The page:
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No, I'm not a job hopper, it's just that....

Career   (890 Views 3 Comments)
by NCINDASUN NCINDASUN (Member)

2,672 Profile Views; 61 Posts

Greetings!

I need some advice. A December 2005 grad, I've had 2 jobs since graduating and I need some guidance on how to position this.

First, let me explain. I'm 46 and this is my second career. My first job out of nursing school was with an oncology clinic where we saw 50+ people a day for chemo. There was no orientation to speak of and I felt like I was in over my head. After 6 months I felt it was time to find something else. What I didn't know was that my son was about to be diagnosed with a tumor. I took 6 months off to deal with that and went back to work in December.

This next job was wonderful. I loved the patients and what I was doing. It was intense and I stuggled but I was determined to be successful. Unfortunately, the (much) younger staff felt I was wrong for the unit and set out to make sure the nurse manager knew it. Essentially, the story line about nurses eating their young also goes for the older ones too.

When I was given notice last week (after 6 months) I was told the reason was that I hadn't challenged a superior on an order, one I went over line by line with the person standing at my side. It wasn't a medical error, just when to d/c a PIV.

So how do I go about presenting myself without looking like a job hopper? I know, be honest with potential employers but I need to get past that first glance of the resume. I even had trouble writing this because I couldn't begin to share the ridiculous things that have happened without it sounding made up or like sour grapes.

Any help would be greatly appreciated.

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st4wb3rr33sh0rtc4k3 specializes in Tele/ICU/MedSurg/Peds/SubAcute/LTC/Alz.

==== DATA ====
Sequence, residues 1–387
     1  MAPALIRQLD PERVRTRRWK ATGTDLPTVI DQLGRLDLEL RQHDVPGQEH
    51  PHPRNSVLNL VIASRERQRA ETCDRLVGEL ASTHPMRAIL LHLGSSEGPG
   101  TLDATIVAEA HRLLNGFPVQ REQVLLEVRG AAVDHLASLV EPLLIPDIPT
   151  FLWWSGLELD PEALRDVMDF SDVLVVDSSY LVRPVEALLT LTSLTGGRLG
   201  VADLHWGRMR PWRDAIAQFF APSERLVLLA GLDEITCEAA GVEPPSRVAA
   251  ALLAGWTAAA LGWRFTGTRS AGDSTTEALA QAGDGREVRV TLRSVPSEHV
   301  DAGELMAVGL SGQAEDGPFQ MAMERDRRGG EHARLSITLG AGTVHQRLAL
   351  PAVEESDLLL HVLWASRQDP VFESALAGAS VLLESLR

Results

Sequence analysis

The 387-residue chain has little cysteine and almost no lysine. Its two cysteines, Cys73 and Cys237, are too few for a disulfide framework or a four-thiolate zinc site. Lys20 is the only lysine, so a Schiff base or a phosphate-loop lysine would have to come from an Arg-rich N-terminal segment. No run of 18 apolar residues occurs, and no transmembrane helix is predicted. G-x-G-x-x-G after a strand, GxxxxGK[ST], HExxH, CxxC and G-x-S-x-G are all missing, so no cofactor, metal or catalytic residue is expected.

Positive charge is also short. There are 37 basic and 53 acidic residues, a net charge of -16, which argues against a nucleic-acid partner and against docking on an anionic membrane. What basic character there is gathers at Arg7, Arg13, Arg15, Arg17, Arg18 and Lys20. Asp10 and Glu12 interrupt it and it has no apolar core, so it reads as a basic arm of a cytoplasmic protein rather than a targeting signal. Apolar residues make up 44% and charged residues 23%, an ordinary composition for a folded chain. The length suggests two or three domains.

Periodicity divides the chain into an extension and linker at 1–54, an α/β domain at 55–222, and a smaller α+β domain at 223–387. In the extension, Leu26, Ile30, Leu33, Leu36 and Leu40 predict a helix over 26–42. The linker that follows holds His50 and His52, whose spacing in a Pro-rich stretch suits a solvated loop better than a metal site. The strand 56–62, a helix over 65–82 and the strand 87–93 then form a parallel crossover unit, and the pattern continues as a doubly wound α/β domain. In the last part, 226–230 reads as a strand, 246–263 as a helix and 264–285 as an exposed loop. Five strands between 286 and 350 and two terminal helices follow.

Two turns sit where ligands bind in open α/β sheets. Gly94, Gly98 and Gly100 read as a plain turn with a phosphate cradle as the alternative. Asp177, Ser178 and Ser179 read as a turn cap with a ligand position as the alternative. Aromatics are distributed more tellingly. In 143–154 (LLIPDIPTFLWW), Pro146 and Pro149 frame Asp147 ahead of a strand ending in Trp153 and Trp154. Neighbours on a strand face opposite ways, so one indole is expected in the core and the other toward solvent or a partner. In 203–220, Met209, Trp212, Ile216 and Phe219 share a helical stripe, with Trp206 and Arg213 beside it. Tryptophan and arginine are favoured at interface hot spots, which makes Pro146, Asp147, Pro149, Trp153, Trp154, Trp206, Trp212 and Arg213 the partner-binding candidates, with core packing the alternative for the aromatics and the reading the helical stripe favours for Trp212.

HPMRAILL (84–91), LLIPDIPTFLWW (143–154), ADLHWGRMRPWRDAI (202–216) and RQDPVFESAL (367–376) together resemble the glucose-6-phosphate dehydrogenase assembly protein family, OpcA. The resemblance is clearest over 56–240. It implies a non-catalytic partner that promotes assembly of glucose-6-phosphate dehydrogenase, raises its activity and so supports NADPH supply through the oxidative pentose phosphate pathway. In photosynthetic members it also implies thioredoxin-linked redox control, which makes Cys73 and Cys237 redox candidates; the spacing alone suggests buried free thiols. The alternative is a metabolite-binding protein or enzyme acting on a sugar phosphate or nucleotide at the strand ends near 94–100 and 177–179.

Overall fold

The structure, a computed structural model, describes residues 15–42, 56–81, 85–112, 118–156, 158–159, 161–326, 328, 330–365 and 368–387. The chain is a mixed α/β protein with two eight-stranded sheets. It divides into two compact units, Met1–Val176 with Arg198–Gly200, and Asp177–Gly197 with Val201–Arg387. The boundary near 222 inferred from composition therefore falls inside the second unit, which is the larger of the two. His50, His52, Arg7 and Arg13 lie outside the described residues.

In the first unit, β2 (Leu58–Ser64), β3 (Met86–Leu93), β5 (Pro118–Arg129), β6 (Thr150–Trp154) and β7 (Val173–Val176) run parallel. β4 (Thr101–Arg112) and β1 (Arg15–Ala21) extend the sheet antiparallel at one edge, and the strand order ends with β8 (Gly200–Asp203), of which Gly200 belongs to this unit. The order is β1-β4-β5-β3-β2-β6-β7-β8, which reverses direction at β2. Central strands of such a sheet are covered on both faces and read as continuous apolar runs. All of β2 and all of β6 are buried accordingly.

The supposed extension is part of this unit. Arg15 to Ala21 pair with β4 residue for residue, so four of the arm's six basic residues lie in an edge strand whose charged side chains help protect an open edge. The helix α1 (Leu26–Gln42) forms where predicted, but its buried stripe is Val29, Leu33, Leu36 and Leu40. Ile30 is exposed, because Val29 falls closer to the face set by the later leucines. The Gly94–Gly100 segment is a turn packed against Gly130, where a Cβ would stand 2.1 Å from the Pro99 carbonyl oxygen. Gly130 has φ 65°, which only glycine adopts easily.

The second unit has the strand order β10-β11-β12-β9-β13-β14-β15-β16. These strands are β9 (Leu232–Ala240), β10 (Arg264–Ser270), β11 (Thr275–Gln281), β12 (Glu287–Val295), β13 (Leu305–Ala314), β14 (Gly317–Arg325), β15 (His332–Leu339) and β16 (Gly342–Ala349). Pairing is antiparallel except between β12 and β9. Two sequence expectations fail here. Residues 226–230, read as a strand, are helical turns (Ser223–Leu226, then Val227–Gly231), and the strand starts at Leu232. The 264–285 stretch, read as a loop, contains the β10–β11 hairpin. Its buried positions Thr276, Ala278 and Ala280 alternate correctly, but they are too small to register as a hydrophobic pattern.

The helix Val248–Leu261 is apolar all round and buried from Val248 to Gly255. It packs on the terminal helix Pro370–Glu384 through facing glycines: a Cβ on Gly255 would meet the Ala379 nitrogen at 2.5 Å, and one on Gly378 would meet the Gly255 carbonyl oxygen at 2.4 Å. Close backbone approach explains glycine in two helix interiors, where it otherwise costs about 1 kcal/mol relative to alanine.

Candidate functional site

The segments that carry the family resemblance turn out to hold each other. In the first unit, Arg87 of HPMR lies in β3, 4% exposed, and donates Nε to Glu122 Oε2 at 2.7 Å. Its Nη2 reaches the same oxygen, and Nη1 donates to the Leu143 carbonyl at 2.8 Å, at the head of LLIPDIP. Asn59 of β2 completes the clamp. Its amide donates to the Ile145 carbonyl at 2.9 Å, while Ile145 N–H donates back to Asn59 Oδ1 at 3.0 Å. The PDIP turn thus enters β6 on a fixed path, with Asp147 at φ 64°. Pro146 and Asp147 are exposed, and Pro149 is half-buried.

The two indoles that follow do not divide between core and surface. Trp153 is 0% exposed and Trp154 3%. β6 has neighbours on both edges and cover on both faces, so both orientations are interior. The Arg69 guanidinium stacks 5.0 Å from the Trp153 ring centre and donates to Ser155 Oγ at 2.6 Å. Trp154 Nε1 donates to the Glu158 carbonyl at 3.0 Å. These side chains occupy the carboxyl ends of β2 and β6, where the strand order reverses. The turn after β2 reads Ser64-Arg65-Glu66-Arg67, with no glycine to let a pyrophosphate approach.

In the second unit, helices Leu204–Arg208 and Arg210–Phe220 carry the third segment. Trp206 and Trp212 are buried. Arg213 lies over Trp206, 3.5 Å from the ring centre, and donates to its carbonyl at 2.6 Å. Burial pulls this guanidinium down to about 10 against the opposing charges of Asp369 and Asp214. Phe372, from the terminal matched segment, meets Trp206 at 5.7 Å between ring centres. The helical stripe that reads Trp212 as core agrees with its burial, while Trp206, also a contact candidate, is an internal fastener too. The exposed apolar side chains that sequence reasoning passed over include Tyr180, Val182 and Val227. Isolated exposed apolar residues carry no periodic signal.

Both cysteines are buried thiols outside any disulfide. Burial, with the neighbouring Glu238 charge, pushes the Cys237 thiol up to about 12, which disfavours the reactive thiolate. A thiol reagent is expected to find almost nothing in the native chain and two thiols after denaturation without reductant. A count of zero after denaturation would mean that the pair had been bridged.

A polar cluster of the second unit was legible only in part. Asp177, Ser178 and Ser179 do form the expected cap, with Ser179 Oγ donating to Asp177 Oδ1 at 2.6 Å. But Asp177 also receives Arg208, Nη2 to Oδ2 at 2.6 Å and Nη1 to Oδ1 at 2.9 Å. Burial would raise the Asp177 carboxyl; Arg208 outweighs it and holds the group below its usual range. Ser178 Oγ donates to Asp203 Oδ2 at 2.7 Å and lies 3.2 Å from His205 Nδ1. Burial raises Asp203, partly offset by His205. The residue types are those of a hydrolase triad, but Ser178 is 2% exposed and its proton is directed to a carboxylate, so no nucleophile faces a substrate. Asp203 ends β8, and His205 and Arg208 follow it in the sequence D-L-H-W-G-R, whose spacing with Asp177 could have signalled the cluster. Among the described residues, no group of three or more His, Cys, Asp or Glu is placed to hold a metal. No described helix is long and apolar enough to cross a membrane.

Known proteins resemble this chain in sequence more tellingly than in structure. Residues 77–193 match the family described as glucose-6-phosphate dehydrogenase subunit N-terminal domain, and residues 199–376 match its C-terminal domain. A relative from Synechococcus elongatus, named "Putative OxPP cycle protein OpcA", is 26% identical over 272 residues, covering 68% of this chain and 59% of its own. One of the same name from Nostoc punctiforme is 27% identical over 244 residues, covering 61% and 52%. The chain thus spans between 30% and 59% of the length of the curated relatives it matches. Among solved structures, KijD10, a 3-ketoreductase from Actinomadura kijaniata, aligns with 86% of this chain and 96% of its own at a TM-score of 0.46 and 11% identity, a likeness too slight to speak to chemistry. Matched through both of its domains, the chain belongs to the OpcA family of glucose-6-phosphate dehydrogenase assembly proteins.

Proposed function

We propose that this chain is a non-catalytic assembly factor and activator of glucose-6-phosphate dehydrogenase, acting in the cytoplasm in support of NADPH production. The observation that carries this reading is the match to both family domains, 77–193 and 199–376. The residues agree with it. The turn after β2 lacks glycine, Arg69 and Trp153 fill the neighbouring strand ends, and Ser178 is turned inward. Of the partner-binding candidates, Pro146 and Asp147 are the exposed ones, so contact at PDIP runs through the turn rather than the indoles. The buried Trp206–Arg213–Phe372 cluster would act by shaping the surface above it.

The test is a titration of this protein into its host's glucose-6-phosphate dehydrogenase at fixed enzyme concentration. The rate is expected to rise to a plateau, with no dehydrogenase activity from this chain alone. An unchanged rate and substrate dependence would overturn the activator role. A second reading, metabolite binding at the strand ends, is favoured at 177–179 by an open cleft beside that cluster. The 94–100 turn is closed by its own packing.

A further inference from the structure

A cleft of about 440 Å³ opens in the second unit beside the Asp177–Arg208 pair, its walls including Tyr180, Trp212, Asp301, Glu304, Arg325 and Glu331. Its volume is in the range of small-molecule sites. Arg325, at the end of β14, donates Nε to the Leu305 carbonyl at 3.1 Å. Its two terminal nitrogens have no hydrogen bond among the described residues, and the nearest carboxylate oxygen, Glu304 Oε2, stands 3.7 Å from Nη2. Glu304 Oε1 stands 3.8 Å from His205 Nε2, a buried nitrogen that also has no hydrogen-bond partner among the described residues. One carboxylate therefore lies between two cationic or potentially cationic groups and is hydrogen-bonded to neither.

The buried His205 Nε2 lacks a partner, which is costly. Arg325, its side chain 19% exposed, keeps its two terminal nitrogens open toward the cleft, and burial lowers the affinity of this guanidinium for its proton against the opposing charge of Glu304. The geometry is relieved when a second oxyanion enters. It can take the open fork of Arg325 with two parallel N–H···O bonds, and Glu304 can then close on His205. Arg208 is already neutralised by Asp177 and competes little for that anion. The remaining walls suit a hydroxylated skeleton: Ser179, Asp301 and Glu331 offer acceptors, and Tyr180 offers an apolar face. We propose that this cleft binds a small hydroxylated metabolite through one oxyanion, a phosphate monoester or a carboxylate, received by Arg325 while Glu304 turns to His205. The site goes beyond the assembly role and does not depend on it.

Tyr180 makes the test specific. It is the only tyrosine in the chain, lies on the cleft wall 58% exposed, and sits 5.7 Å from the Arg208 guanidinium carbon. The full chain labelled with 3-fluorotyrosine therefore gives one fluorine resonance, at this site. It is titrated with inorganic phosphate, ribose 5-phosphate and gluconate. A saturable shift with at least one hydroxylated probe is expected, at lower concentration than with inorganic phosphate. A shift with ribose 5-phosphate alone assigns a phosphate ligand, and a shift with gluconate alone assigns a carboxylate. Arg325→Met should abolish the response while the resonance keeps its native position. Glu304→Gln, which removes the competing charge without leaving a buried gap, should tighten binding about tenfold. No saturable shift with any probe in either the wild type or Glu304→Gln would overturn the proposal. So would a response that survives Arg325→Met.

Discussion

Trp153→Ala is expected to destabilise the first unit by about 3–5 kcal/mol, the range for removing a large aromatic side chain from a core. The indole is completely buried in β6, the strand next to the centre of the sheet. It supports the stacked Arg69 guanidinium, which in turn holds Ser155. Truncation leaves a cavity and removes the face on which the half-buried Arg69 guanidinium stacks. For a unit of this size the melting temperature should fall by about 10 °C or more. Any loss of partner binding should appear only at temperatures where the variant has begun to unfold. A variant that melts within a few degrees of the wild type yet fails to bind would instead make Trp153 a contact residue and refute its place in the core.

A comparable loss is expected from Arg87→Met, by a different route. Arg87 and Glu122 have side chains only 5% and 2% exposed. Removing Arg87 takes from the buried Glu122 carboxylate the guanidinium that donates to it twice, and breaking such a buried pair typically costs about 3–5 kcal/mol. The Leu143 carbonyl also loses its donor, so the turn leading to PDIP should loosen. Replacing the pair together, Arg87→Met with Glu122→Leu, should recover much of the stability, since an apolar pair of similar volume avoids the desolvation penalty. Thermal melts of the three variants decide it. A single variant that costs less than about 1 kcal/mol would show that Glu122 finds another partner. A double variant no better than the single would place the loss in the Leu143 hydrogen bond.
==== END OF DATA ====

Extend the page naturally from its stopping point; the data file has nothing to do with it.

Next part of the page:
253 Posts; 4,210 Profile Views

Although, I it is not the same situation, I can relate. I started my career in Long Term Care. After a year, I left to get my Medical/Surgical experience in a hospital. My floor closed in the hospital and I was left with no hours. That was my second job since January 2006. I was only at my second job for 3 months.

To me sometimes things in life happen. Some people find what they like and where they are. I feel as I move along in my short career, that I will learn to new questions to ask before I take a position. All I would like is a home to enjoy my career in.

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loricatus specializes in ED, ICU, PACU.

1,446 Posts; 13,033 Profile Views

First of all, you are not alone. I have just started my 4th job in the 2 years of being a nurse. Nobody has even mentioned that I am a job hopper. It is kind of expected that you must go elsewhere to advance your career or find a better working environment.

It seems that you were given an excuse for your dismissal. An error like that only warrants, at the most, a written notice. Did anyone else who did things more serious than what you have done not get terminated? Why were you not counseled first? Does your facility have a policy regarding discipline? These are things that you should discuss with your manager & HR, at least, to advise them that you feel that you are being unfairly singled out and may have to pursue things further if they are not willing to give you a reference for another position. When you don't fit into the age mix, you will never be directly told that & alternate reasons usually arise to either have you leave or be dismissed.

Just go ahead and look for another position. Changing specialties/ departments may be all that is needed to demonstrate to a new employer your desire for growth that was not available from your previous employer. For example, you could say: After 6 months with so & so, I saw that my personality and skill mix were more suited for _______ nursing and I would have liked to be given that opportunity for that in my facility, but no openings were available. You can also ask the age mix for the department & if that department has had any difficulty with, or turnover of nurses your age--this let's them subtly know what the problem was at your last employer, without seeming to be resentful.

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